As the novel coronavirus crisis paralyzes the Indian startup ecosystem, pushing a majority of the companies in a deep slump, some startups are fortunate enough to get the support that they so desperately need from their existing backers, just in the nick of time.
Online furniture rental and home decor platform Furlenco has landed USD 10 million funding from Lightbox and Saket Burman, director of Indian consumer goods conglomerate Dabur. Burman invested through his personal investment arm Chowdry Associates. Other investors who participated in the round include Kris Gopalakrishnan, former chief executive of Infosys, and Gautham Radhakrishnan, a former partner with private equity firm Tata Capital, and Bollywood actor Aamir Khan.
The overall round for which talks started in November last year, is financed through debt and equity, local media Economic Times (ET) reported. The company has issued non-convertible debentures (NCDs) against debt funding that makes up half of the total amount raised. The recent investment round values Furlenco at USD 125 million.
Founded in 2012 by former Goldman Sachs and Morgan Stanley executive Ajith Mohan Karimpana, Furlenco provides furniture, home decor, and home appliances on rent and has catered to an estimated 110,000 customers across the eight cities. It competes with the likes of Rentomojo, GrabOnRent, CityFurnish, and Voko, among others.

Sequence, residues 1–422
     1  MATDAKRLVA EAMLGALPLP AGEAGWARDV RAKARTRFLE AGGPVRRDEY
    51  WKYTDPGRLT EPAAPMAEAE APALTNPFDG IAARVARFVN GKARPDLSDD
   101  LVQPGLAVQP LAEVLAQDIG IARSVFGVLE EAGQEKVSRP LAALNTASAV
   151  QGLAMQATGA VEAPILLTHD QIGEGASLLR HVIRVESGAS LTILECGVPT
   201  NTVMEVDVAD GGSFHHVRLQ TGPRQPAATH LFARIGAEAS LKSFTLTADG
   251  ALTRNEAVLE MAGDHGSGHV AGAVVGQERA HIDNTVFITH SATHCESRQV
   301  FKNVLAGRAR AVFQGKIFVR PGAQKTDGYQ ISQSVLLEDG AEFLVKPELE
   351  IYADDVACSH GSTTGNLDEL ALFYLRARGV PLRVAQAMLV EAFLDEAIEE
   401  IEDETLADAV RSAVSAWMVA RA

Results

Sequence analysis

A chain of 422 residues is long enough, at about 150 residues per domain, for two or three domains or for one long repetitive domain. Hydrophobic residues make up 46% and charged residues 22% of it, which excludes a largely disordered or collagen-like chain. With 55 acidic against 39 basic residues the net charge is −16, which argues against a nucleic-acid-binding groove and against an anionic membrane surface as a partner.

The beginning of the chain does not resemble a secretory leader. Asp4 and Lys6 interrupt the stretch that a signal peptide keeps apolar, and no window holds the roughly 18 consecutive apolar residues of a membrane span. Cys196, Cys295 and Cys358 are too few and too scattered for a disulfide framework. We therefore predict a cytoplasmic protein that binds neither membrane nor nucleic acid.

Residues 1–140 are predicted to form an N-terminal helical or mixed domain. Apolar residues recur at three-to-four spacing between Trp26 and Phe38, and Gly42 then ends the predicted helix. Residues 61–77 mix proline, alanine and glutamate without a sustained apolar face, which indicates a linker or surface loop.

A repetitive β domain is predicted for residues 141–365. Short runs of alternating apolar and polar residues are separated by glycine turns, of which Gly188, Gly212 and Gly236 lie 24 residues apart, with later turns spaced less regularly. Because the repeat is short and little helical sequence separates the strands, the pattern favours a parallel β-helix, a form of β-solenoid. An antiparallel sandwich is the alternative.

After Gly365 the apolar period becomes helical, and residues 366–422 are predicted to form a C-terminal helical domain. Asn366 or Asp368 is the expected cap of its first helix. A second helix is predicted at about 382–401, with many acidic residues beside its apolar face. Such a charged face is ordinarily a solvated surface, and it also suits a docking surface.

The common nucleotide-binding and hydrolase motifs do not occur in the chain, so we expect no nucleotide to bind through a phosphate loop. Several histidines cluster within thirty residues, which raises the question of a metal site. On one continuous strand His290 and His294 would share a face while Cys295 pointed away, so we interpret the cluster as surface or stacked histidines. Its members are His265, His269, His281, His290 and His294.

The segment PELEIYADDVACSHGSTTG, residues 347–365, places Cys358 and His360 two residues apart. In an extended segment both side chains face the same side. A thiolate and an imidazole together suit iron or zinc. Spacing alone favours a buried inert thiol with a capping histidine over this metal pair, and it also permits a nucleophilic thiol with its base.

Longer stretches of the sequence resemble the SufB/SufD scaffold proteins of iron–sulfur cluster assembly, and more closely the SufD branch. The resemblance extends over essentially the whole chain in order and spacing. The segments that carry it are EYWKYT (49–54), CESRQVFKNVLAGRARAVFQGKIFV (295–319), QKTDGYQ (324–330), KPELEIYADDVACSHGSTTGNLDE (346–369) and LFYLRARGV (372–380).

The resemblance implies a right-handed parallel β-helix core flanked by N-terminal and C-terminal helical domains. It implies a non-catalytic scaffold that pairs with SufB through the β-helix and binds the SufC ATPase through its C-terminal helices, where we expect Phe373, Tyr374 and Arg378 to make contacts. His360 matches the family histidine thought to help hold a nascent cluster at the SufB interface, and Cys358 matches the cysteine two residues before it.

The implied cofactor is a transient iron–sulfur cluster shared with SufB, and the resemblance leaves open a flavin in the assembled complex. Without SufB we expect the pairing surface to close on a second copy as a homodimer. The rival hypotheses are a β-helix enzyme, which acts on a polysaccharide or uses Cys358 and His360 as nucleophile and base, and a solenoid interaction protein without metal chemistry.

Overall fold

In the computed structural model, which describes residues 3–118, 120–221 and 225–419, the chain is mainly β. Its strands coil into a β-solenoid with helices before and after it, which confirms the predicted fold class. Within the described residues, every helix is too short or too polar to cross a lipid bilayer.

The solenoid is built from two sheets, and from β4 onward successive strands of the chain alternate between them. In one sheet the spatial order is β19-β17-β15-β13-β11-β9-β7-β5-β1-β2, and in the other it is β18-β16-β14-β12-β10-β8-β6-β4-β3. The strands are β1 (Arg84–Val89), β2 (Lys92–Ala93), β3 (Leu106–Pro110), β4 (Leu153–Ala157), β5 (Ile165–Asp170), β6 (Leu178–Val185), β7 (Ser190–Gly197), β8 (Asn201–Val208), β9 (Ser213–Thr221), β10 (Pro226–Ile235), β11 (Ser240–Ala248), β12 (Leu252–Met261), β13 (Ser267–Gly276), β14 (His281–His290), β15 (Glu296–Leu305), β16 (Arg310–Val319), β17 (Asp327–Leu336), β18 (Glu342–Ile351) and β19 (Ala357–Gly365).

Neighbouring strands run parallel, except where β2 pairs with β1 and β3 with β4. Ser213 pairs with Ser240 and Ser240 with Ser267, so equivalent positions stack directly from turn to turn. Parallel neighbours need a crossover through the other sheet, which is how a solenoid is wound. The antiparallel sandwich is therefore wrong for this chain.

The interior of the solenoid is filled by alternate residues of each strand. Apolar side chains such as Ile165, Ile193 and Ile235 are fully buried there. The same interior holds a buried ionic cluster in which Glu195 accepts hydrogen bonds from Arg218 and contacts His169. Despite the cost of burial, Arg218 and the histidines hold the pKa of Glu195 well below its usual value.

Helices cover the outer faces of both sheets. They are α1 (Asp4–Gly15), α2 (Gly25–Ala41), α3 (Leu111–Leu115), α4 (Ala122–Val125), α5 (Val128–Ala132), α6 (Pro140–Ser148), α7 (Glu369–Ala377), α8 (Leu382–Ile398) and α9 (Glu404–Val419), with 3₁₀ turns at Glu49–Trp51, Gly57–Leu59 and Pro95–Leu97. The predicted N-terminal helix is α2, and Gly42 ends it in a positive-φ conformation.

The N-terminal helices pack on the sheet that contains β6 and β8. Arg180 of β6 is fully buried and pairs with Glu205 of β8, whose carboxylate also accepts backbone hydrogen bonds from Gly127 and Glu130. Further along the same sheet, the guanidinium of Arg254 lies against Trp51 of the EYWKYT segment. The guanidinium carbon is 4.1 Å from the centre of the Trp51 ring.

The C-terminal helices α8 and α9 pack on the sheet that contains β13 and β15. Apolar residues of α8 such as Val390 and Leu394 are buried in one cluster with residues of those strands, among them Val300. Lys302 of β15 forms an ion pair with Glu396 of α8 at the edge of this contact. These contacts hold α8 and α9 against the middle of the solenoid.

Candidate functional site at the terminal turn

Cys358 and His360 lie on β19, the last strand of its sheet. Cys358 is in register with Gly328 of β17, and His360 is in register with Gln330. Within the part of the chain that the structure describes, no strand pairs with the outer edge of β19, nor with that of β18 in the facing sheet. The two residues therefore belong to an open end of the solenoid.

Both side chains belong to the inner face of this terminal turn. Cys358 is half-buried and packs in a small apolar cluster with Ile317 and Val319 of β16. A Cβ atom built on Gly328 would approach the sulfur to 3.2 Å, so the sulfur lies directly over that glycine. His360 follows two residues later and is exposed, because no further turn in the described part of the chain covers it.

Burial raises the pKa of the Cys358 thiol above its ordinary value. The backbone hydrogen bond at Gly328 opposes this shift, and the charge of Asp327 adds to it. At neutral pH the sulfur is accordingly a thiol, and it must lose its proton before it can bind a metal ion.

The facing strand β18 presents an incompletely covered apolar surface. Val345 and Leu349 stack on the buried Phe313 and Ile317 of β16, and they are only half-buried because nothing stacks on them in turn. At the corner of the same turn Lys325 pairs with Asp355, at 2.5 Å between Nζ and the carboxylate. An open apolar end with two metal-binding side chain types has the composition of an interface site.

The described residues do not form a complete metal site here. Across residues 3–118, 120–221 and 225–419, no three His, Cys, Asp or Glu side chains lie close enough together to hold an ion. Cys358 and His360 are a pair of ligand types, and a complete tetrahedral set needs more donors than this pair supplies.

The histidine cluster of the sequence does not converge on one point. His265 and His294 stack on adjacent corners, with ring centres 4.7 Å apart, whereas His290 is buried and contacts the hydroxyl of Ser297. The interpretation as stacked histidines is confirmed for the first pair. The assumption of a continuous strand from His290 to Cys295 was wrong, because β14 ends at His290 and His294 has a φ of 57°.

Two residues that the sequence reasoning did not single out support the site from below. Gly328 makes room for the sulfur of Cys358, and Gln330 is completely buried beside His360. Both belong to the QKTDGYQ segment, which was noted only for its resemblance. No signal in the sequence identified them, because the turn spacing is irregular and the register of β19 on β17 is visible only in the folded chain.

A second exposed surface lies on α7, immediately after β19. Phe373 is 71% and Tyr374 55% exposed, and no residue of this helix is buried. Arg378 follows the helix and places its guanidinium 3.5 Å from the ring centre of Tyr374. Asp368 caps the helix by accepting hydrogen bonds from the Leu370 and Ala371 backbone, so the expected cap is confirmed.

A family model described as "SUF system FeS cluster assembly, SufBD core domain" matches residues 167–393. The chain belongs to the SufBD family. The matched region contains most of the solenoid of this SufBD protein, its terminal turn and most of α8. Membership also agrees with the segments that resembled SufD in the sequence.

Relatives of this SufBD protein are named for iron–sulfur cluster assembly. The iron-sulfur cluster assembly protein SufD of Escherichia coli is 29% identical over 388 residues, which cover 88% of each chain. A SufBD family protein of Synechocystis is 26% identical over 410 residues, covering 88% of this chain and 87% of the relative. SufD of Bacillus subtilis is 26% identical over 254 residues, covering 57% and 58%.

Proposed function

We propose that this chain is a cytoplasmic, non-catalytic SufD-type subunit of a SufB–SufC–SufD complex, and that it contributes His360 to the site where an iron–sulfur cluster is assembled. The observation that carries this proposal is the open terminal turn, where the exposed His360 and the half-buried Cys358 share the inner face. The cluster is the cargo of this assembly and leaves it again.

So far, Furlenco has raised an estimated USD 43 million in equity funding, and about USD 45 million in debt financing, the ET report said, adding that the company has paid off about USD 20 million of debt.
Although the Bengaluru-based startup incurs huge infrastructure costs owing to the nature of the business, it runs on a subscription-based model where its customers pay a monthly or annual rent for the items that they borrow. That means it has a recurring income and can sustain itself even without any new business coming in for a while.
“Furlenco is already operationally profitable and this round will further help us progress on our goal of becoming fully profitable in the next 12-18 months,” Karimpana told ET. “While the ongoing COVID-19 pandemic has definitely impacted all of us, Furlenco’s subscription business model with monthly recurring revenue allows us to be a lot more resilient than many of the other startups who are seeing their monthly revenues plummet significantly.”
The investors who KrASIA spoke to said many startups that have a runway of six to 12 months may be able to pass this rough patch better than others. Others are scrambling to see if they can have enough cashflow to go through the crisis, cutting costs wherever necessary and talking to their investors for follow-up rounds.